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Exploiting Bacteriophage as a Diagnostic Tool

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Tuberculosis (TB) is a fatal infectious disease that caused 1.5 million deaths worldwide in 2020. Developing countries are particularly affected and diagnosis, especially in children and adolescents, can be difficult. As well as infecting humans, the mycobacteria that cause TB can also infect cattle and have a major impact on farming. PBD Biotech has developed a diagnostic test for TB that leverages bacteriophage technology alongside qPCR to identify live, disease-causing pathogens in humans and cattle.

We spoke to Dr. Tomas Richardson, a research and development manager at PBD Biotech to learn more about what the development of Actiphage® technology means for the future of TB diagnosis.

Katie Brighton (KB): Could you explain what bacteriophages are and their various uses?

Tomas Richardson (TR): Phage (or bacteriophage to give them their full name) are viruses that infect and replicate within bacteria as part of their natural lifecycle. During that process, the bacterial cell is typically destroyed and its contents and DNA are released.

In terms of their uses and applications, I think there’s a growing appreciation of phage, and viruses more generally, as both a research tool and in more applied settings. In recent years, phage have been used with increasing frequency to treat antibiotic-resistant bacterial infections. Phage have even been proposed as a tool for achieving tailored engineering of the gut microbiome, as researchers begin to gain a greater understanding of the roles of different kinds of bacteria found within gut flora. Viruses in general are also a rich source of components in synthetic biology, where they can be used to engineer orthologous circuits and systems.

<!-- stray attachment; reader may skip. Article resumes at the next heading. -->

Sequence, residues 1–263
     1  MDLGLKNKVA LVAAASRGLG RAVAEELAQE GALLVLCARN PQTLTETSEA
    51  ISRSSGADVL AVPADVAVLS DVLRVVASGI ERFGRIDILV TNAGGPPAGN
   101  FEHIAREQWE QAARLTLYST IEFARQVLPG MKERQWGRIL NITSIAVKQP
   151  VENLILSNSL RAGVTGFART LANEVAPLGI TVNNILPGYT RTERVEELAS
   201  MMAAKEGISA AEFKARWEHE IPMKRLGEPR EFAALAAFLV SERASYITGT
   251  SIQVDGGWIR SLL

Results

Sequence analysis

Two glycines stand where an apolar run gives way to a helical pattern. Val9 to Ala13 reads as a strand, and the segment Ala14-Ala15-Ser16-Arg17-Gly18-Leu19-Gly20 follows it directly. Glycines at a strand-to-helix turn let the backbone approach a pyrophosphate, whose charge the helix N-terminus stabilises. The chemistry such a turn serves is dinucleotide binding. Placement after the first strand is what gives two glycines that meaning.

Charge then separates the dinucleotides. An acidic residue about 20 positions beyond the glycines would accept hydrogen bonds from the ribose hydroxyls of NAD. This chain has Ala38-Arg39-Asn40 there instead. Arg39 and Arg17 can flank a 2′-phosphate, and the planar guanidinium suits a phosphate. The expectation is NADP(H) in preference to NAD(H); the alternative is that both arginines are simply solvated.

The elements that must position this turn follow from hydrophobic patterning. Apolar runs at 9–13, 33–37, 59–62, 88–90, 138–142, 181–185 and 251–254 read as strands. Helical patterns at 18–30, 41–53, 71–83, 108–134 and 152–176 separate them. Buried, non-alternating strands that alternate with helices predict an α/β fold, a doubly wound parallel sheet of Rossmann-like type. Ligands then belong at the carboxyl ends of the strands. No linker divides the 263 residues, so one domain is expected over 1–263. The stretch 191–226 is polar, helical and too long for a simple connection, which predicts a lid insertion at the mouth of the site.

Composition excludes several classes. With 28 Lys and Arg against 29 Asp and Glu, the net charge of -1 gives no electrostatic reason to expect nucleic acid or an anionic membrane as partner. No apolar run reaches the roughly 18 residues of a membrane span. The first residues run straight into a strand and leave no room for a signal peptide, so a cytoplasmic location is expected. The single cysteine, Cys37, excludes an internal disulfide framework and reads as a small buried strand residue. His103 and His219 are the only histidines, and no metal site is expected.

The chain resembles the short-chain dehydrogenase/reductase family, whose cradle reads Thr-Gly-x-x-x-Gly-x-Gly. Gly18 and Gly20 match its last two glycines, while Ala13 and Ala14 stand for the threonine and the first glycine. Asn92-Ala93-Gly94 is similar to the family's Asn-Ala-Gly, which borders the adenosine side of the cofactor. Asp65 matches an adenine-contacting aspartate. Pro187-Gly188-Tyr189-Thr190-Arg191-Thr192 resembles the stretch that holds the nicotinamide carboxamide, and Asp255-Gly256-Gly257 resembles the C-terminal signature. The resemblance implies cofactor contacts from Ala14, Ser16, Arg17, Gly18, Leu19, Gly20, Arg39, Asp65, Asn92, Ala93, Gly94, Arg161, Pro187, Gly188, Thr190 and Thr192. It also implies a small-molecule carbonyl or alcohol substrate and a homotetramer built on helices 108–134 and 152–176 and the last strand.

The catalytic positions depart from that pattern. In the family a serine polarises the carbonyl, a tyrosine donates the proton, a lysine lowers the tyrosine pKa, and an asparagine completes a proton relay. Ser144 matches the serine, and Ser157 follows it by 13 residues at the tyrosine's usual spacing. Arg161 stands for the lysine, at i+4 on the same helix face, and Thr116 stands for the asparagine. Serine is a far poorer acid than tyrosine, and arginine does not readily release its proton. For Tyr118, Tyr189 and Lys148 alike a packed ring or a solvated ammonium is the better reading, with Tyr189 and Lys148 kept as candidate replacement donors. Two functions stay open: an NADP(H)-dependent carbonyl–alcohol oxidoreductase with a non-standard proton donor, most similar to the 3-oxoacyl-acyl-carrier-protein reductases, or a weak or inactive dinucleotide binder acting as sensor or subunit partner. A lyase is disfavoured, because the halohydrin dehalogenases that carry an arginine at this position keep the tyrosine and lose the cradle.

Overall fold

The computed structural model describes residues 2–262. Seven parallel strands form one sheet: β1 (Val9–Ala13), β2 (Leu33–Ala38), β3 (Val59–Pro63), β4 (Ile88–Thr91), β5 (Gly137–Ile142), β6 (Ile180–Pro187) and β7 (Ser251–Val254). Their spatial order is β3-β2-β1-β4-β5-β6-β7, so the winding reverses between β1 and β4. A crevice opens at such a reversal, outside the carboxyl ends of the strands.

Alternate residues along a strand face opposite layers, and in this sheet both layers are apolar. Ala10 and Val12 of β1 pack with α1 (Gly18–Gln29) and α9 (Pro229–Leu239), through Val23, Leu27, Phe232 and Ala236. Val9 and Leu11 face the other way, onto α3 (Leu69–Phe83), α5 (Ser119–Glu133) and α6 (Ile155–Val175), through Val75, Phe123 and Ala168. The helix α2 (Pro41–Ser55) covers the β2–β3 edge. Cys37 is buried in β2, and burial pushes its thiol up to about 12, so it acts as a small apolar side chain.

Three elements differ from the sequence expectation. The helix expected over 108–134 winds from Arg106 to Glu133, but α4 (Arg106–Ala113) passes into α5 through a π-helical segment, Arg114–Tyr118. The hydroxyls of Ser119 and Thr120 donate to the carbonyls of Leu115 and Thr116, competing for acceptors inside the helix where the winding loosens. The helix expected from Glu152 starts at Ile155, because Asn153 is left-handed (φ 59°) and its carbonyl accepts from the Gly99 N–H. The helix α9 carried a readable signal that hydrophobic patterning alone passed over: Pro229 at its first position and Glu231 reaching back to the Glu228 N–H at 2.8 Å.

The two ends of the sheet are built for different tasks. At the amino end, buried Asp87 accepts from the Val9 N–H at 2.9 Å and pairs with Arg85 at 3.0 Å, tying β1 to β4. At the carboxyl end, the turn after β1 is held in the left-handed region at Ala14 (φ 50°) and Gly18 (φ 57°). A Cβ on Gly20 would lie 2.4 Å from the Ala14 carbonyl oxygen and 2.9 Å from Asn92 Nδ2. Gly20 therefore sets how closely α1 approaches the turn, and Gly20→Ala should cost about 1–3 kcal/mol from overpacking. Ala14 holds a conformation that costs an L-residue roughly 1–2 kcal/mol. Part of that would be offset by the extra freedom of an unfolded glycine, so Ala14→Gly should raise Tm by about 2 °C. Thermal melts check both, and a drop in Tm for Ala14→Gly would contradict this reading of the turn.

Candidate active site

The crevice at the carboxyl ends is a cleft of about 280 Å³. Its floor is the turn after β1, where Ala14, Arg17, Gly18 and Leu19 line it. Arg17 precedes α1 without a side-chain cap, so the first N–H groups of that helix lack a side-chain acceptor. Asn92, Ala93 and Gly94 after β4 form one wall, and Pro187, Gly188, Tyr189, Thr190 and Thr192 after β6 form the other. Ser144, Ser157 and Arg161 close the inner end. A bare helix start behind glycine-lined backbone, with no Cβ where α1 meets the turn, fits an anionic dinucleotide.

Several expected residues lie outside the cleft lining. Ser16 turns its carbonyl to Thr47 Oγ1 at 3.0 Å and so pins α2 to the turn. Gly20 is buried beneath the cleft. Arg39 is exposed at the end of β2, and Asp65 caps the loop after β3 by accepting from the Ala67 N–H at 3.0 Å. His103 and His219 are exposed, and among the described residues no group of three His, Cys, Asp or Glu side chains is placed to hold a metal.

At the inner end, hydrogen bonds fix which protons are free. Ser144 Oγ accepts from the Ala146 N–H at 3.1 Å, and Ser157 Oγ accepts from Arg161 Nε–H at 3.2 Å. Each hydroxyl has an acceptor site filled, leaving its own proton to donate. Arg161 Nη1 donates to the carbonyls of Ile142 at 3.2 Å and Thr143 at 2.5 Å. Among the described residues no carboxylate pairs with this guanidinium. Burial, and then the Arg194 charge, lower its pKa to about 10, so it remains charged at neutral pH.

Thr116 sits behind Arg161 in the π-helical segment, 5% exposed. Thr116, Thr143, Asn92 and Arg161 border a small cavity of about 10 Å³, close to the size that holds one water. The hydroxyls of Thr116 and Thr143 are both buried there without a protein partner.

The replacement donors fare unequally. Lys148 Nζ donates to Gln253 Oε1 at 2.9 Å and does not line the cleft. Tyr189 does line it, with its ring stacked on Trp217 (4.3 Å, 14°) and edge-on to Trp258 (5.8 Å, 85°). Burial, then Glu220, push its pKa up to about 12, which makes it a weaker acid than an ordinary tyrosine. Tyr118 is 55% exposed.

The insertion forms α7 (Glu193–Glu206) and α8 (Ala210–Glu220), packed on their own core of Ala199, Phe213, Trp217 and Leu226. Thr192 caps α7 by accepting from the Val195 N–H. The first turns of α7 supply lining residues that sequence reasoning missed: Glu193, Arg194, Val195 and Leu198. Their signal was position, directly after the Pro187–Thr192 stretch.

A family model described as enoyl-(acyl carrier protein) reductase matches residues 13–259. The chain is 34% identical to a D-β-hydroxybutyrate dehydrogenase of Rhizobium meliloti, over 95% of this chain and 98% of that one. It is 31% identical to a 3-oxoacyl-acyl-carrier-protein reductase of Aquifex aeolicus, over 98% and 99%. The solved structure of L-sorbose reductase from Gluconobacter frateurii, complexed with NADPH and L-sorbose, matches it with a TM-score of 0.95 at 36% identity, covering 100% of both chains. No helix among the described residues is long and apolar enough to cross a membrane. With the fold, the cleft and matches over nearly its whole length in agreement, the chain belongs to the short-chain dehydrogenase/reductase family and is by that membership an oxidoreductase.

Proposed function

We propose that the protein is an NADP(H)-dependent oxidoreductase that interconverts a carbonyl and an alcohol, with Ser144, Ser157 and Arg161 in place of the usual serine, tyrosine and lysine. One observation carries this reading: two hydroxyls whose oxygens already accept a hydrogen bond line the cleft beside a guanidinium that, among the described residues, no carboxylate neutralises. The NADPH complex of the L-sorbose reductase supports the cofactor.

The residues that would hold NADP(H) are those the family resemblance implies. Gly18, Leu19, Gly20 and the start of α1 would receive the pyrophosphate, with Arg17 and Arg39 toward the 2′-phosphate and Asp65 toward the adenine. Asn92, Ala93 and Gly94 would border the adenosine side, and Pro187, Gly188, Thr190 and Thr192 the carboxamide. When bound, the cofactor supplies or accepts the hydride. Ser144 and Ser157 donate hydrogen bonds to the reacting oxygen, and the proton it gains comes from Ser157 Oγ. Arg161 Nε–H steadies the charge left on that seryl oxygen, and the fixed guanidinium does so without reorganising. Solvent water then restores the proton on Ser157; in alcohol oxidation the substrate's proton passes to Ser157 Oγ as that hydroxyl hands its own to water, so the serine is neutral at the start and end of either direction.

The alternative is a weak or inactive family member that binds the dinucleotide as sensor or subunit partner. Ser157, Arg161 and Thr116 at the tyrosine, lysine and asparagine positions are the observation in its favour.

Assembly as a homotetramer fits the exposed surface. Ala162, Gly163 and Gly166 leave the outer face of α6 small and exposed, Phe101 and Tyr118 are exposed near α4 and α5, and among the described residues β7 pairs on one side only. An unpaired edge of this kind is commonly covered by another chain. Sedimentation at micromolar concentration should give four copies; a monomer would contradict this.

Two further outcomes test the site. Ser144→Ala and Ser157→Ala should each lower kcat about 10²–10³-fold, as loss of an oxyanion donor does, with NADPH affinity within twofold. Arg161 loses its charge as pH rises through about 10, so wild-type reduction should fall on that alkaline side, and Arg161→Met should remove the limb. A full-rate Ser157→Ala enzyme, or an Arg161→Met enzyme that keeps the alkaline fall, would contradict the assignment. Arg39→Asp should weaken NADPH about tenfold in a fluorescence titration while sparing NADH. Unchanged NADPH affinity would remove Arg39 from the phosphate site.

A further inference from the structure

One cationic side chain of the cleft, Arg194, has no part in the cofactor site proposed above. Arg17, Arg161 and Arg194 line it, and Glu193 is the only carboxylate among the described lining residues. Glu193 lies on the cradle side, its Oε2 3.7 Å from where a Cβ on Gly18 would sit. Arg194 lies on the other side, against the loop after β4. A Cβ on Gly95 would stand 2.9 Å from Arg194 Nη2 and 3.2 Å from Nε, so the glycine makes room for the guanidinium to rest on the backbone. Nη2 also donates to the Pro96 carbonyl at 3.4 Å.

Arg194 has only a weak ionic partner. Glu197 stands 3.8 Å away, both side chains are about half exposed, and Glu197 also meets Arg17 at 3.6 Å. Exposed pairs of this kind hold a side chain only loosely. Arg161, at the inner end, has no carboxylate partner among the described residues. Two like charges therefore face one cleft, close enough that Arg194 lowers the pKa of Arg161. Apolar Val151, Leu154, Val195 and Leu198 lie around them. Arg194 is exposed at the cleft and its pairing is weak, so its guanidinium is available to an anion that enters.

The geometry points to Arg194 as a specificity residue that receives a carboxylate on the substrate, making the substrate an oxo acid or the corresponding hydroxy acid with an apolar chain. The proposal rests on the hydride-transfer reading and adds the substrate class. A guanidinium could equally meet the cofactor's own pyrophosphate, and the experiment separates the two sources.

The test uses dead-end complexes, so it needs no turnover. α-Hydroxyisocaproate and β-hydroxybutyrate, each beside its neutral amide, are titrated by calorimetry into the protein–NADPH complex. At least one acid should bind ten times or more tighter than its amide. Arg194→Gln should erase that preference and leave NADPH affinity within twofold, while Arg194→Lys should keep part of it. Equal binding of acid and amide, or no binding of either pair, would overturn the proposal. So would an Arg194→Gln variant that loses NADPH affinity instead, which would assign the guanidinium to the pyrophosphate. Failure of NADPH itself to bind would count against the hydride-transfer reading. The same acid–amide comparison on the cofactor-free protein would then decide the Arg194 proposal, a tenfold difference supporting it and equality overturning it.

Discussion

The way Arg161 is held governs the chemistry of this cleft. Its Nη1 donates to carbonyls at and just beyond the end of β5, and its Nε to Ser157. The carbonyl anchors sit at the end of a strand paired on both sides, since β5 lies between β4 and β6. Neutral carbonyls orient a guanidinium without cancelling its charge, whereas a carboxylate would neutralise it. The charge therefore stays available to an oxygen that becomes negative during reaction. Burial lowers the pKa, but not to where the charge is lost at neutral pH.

KB: How has PBD Biotech exploited the use of bacteriophage technology to develop a novel diagnostic assay?


TR: Critically, phage exhibit host specificity and only infect live bacteria of a given species or group. What PBD Biotech has done with its Actiphage® assay is combine phage technology (to detect only viable mycobacteria) with traditional qPCR methods (which are extremely sensitive and specific for target DNA) to create a highly sensitive and specific novel diagnostic assay that detects only live, disease-causing pathogens. The test is currently in clinical trials to assess its efficacy for the detection of Mycobacterium tuberculosis (TB) in humans. According to WHO figures, 1.5 million people died worldwide from TB in 2020 and millions more are carriers of the disease, so there is a significant need for a rapid and effective diagnostic.

In humans and other species, the causative agents of TB are called mycobacteria and are characterized by an unusually thick waxy cell wall. Unfortunately, this property renders mycobacteria recalcitrant to DNA extraction and PCR detection. Diagnosis of TB using culture-based methods is also extremely challenging: mainly due to the remarkably slow growth rates that they exhibit. For example, fast-growing bacteria like Escherichia coli grow and replicate with a doubling time of as little as 20 minutes, whereas mycobacteria doubling times can be in excess of 24 hours.

Current diagnostics for human TB also typically rely on sputum from the lungs to detect infection. However, almost half of all people with pulmonary TB are unable to produce sputum: particularly in early disease and in children. Actiphage® is capable of detecting mycobacteria from blood samples, which are generally easier to collect. Hopefully, this should enable disease screening of whole populations for the first time. Because Actiphage® can specifically detect live viable bacteria in the bloodstream, early data also suggests that the method may be particularly effective at determining when a human or animal is likely to become infectious or develop symptoms of TB.


KB: The Actiphage® assay is also able to diagnose TB in cattle. What advantage does this combination carry over current testing methods?